Hudrick's 2018 NFL mock draft 1.0

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Hudrick's 2018 NFL mock draft 1.0

Mock draft season is here. The Super Bowl Champion Eagles will hold the No. 32 overall pick. Here is Paul Hudrick's mock draft 1.0 to get you ready for the 2018 NFL draft in Arlington, Texas. 

1. Cleveland Browns – Sam Darnold, QB, USC (6-4/220)
Darnold has work to do mechanically, but his intangibles are off the charts. Mentally and as a leader, he has what it takes to make it in Cleveland. He'd benefit from watching behind DeShon Kizer to start the season.

2. New York Giants – Josh Rosen, QB, UCLA (6-4/218)
If it were me, Rosen is the guy if I'm taking at quarterback. His footwork and toughness in the pocket are second to none in this draft. There are questions about his maturity, but moments like this make me believe he'll be just fine.

3. Indianapolis Colts – Bradley Chubb, DE, NC State (6-4/275)
The Colts need an impact pass rusher and Chubb is the best there is in this draft. He's also a nasty customer, something Indy could use a little more of.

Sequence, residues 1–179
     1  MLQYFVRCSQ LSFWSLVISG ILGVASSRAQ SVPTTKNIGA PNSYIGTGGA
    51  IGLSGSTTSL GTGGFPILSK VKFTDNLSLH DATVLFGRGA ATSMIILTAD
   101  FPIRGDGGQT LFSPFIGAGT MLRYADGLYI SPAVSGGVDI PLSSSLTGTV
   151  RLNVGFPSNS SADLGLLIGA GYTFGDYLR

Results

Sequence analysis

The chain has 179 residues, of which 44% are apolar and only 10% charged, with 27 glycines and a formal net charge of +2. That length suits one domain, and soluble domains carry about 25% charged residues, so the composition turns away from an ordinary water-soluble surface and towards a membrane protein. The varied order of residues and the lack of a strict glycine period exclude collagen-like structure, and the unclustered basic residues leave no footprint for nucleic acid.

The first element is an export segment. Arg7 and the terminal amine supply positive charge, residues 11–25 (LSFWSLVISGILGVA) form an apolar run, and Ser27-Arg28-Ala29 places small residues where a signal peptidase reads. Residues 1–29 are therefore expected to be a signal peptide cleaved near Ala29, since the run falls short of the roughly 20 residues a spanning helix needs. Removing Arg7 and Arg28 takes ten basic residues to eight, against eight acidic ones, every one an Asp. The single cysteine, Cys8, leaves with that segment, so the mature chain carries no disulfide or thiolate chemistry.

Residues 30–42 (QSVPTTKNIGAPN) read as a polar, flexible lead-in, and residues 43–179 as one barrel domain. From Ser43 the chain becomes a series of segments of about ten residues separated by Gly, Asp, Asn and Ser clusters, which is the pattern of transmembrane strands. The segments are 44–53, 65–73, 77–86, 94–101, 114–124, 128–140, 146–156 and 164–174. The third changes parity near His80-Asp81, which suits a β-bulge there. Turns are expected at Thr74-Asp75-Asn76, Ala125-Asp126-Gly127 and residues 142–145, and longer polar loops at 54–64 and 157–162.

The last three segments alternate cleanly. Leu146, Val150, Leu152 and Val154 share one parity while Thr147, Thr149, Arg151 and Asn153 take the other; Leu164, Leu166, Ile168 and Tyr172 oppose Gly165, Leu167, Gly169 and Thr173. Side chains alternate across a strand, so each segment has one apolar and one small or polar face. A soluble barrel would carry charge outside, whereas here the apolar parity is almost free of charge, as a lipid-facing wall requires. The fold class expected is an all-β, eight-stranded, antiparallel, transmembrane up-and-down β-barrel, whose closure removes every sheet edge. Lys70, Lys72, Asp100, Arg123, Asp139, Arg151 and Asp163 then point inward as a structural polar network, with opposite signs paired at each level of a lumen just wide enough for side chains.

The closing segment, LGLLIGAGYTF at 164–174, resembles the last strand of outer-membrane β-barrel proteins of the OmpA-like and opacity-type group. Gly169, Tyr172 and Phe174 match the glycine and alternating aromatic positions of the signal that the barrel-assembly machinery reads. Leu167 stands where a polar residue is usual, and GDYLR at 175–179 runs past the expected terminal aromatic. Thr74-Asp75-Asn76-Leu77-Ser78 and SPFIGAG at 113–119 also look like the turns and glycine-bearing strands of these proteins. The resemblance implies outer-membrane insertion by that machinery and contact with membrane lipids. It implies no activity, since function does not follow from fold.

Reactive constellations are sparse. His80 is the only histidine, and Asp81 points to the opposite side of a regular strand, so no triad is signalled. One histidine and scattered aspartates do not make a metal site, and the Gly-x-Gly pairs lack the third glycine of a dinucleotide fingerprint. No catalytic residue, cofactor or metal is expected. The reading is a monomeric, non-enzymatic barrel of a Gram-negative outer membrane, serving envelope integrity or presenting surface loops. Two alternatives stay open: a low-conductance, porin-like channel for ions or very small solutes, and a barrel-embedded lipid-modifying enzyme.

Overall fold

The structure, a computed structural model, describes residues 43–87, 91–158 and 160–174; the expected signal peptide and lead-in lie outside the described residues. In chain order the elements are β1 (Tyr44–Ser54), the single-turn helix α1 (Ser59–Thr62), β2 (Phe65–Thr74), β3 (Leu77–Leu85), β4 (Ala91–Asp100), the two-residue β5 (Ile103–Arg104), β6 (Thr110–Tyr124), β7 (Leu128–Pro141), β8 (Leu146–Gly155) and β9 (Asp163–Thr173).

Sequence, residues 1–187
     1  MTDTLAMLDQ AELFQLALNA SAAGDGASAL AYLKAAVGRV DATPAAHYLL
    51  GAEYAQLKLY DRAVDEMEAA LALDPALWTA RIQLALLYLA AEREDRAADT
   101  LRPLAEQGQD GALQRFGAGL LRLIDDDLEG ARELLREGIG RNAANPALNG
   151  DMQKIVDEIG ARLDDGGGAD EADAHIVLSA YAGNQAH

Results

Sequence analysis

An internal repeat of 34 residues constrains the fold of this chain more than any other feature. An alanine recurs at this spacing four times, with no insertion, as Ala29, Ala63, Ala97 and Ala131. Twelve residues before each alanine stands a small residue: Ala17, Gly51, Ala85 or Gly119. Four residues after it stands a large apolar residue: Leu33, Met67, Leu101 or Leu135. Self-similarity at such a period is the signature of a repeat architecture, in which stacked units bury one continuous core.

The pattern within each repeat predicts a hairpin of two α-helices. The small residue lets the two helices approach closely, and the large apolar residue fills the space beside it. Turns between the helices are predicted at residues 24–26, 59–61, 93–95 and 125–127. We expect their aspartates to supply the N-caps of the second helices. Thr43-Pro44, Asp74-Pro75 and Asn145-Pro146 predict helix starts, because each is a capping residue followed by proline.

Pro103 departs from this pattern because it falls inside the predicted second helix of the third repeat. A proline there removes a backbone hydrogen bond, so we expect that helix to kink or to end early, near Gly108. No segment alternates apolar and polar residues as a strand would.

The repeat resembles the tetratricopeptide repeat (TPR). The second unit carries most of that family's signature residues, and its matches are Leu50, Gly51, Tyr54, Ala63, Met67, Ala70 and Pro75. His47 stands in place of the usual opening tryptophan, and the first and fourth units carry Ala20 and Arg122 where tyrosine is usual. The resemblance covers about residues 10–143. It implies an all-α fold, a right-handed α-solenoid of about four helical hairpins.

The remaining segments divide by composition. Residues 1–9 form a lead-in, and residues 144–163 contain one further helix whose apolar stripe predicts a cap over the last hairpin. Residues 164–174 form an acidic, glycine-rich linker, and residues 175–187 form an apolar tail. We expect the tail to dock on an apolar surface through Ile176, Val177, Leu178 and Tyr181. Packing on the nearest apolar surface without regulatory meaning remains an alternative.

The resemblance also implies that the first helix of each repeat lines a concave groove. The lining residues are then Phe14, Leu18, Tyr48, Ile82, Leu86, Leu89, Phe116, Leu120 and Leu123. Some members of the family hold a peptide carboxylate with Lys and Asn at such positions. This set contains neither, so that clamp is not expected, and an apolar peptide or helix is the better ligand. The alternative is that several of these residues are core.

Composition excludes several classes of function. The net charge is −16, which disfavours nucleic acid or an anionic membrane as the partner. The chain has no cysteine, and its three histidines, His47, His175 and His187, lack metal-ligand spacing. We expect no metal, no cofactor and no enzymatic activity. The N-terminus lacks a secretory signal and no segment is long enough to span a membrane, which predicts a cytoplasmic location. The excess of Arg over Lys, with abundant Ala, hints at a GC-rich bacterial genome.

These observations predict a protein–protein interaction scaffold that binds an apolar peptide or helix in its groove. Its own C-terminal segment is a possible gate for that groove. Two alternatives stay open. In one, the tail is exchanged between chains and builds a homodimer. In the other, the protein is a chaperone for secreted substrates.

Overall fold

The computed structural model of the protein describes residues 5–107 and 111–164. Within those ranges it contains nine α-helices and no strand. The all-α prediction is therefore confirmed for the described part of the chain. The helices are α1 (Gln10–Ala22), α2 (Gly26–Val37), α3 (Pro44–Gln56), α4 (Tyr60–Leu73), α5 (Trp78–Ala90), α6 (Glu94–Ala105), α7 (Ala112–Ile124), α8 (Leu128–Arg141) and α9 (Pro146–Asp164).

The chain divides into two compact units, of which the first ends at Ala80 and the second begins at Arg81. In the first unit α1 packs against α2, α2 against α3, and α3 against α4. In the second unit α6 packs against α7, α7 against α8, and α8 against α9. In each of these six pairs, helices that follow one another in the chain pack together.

4. Cleveland Browns (via Houston Texans) – Saquon Barkley, RB, Penn State (5-11/223)
You already drafted your future franchise QB, now give him a serious weapon to work with. Sure, there are things Barkley needs to improve on, but he has the potential to be a perennial All-Pro.

5. Denver Broncos – Quenton Nelson, G, Notre Dame (6-5/329)
With Darnold and Rosen gone, the Broncos pick the best offensive lineman in the draft. Of all the players in the draft, Nelson seems like the most can't-miss prospect. He has the potential to make the Pro Bowl as a rookie.

6. New York Jets – Baker Mayfield, QB, Oklahoma (6-1/220)
This is where things get interesting. You might look at Mayfield and think his antics and off-the-field issues wouldn't fly in New York. I look at it like this: What prospect has dealt with more scrutiny over the past year than Mayfield? I see a Kirk Cousins-like QB with a little more attitude.

7. Tampa Bay Buccaneers – Minkah Fitzpatrick, S, Alabama (6-1/201)
This is a perfect fit. Fitzpatrick is a versatile DB who will help fix the Bucs' biggest flaw. Fitzpatrick can cover, has excellent range and he's physical. Easily the best safety in this draft.

8. Chicago Bears – Calvin Ridley, WR, Alabama (6-1/190)
When mock drafts first started coming out, Ridley wasn't regarded as a top-10 pick. I have no idea why. This guy has it all. He's an explosive and precise route runner who can be effective catching balls all over the field. He's a true No. 1 receiver, which the Bears desperately need.

9/10. Oakland Raiders (coin flip) – Roquan Smith, LB, Georgia (6-1/225)
Smith earned being a top-10 pick after his play during the CFP. He's a monster. He plays sideline-to-sideline and will be a welcome addition to a Raiders' defense that has some pieces but has struggled.